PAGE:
Ground-breaking assessment tool for Cantonese-speaking children

Shuyee Chen


Nearly 300 speech therapists, government officials and related professionals were recently introduced to a new language assessment tool at City University of Hong Kong (CityU).

The Hong Kong Cantonese Oral Language Assessment Scale (HKCOLAS) was introduced at a seminar and workshop jointly organized by the government’s Department of Health and the Language Information Sciences Research Centre (RCL) at CityU. The aim of the talks, which ran from 25 to 26 March, was to acquaint local speech therapists with this new assessment tool.

Dr Catherine Lam, a consultant for the Child Assessment Service (CAS), which is within the Department of Health, said HKCOLAS signaled a major step forward in research into the language development of Cantonese-speaking children. “We hope this assessment tool can help detect the kinds of language problems Hong Kong children have encountered in the past but had not been dealt with directly,” Ms Lam said.

The Department of Health entrusted this three-and-a-half year research project to RCL in September 2002. Professor Benjamin T’sou, RCL Director, led a team of RCL linguists and senior speech therapists from CAS. During this period, more than 1,100 kindergarten and primary school students from different districts were sampled and tested.

Professor T’sou said language assessment tools adopted by Hong Kong in the past were translated mainly from English and therefore not particularly suitable for the local language environment. “HKCOLAS was developed in accordance with Hong Kong’s specific biliteracy and trilingualism policy. We believe it will identify the problems of speech-impaired children more accurately and offer speech therapists more insight. We also hope it will initiate further study into related issues in Hong Kong,” Professor T’sou said.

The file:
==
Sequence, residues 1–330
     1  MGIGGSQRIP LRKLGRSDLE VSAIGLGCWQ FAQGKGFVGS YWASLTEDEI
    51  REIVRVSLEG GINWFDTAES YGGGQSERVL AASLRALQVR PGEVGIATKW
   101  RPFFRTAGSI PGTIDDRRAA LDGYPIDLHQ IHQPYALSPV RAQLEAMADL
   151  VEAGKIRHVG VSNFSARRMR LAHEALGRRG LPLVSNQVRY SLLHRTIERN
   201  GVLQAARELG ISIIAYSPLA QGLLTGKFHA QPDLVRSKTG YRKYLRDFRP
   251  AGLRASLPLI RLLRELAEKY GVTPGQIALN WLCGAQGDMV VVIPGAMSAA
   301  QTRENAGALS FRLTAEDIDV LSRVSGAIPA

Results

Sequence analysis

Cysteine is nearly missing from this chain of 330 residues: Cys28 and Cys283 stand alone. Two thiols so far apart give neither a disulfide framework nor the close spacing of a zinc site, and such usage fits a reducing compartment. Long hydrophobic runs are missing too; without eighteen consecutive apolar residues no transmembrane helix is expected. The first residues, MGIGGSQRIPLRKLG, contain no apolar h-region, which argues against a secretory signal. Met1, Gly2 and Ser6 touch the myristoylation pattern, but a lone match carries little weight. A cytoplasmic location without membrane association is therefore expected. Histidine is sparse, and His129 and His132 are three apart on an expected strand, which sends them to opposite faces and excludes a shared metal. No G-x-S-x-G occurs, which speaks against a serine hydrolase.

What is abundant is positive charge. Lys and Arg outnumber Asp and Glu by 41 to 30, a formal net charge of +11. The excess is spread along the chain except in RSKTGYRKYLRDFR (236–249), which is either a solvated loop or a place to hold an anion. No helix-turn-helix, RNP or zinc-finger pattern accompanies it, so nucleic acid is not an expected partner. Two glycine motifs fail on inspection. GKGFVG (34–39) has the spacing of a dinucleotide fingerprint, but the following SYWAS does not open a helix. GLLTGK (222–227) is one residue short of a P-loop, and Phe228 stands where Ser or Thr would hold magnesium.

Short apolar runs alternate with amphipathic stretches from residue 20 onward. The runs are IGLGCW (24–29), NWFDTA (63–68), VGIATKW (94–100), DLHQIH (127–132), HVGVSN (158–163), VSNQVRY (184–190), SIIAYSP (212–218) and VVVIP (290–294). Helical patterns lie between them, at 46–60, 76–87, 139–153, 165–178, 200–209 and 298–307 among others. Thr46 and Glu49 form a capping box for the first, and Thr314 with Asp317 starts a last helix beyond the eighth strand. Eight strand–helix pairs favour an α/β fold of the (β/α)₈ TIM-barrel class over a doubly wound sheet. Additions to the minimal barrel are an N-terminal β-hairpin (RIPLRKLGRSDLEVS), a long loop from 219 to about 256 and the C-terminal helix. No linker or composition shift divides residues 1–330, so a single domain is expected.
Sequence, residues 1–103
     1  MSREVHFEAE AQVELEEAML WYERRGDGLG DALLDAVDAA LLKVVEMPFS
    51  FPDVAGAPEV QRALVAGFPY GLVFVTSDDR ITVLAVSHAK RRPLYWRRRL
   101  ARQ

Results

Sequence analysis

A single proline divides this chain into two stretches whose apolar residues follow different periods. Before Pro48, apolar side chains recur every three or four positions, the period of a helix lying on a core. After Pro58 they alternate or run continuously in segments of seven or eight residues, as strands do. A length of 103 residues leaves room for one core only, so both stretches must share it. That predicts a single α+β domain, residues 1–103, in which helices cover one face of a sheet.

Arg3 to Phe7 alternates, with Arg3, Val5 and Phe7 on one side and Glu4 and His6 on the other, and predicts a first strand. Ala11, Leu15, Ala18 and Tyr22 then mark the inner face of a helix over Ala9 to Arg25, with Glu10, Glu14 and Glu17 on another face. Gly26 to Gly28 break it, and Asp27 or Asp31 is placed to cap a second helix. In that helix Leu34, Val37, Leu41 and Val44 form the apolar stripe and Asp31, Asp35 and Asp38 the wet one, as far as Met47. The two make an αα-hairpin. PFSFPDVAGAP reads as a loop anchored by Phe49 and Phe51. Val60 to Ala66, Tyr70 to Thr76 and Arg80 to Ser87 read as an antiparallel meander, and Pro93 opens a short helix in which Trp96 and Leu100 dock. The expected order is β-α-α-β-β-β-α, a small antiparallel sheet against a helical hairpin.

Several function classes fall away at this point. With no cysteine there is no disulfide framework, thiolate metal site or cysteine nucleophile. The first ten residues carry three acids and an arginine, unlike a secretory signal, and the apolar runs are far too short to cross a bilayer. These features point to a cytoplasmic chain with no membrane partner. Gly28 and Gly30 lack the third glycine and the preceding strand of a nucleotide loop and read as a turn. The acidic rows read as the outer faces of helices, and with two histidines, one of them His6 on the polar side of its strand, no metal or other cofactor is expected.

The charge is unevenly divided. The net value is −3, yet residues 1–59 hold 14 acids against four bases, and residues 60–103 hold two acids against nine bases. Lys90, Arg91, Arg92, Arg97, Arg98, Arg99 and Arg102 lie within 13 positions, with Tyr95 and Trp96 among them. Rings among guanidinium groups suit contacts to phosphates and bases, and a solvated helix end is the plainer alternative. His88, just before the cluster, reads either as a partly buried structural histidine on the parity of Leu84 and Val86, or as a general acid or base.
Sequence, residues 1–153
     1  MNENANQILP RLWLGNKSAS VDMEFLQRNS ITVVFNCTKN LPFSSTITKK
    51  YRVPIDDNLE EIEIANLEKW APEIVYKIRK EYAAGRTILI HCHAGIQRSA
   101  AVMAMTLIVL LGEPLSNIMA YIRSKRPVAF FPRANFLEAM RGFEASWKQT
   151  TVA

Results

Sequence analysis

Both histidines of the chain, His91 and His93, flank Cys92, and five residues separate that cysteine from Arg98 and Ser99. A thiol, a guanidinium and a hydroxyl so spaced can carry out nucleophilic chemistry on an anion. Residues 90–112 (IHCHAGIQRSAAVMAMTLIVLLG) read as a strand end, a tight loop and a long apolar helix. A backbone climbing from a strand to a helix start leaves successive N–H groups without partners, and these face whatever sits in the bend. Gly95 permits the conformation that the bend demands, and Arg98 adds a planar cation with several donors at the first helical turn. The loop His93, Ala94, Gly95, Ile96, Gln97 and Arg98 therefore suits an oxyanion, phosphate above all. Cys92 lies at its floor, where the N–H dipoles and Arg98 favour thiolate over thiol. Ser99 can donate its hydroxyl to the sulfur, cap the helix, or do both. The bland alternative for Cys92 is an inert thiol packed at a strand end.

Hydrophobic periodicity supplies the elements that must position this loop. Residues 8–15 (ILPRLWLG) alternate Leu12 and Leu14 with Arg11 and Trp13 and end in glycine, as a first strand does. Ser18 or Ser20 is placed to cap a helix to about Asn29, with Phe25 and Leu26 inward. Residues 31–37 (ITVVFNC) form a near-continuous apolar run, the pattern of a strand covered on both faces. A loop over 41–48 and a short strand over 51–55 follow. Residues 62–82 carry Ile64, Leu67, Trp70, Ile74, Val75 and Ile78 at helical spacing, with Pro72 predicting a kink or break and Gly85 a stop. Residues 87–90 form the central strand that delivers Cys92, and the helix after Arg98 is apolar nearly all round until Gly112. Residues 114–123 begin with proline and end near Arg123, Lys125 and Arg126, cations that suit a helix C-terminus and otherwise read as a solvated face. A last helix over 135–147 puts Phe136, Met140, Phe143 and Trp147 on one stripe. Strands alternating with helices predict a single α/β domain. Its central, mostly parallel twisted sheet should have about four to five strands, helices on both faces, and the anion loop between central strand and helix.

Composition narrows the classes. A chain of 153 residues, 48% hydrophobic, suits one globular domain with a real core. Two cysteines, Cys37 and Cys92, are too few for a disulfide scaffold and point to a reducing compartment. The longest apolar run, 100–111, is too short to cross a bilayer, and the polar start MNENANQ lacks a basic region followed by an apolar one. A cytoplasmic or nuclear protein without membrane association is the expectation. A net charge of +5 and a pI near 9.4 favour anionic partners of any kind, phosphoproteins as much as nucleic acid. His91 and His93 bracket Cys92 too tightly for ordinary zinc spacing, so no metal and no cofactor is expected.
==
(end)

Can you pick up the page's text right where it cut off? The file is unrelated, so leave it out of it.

Topics under discussion at the seminar included the use and structure of Hong Kong Cantonese vocabulary; a Hong Kong Cantonese articulation test; grammatical development in Cantonese; and the assessment of Mandarin-speaking children with specific language impairment.

“It’s quite rare for Hong Kong to hold such a large scale seminar for speech therapists, and with such practical content as well. I believe this tool will greatly help speech therapists and speech-impaired school children in Hong Kong,” said a speech therapist at the seminar.


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